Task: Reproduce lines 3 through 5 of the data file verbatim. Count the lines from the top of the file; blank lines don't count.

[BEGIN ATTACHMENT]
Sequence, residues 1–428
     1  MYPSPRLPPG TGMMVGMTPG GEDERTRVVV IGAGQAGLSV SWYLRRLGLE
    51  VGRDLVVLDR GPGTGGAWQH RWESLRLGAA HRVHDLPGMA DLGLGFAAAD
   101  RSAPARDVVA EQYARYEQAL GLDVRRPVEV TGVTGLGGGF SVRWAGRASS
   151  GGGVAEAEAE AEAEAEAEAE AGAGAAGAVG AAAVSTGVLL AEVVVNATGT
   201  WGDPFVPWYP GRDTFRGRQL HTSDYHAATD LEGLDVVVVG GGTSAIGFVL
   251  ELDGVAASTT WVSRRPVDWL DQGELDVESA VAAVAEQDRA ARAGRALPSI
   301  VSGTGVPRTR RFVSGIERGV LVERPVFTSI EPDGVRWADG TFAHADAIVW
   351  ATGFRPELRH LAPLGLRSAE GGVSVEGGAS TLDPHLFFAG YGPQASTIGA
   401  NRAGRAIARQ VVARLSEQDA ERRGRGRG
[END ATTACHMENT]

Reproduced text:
    51  VGRDLVVLDR GPGTGGAWQH RWESLRLGAA HRVHDLPGMA DLGLGFAAAD
   101  RSAPARDVVA EQYARYEQAL GLDVRRPVEV TGVTGLGGGF SVRWAGRASS
   151  GGGVAEAEAE AEAEAEAEAE AGAGAAGAVG AAAVSTGVLL AEVVVNATGT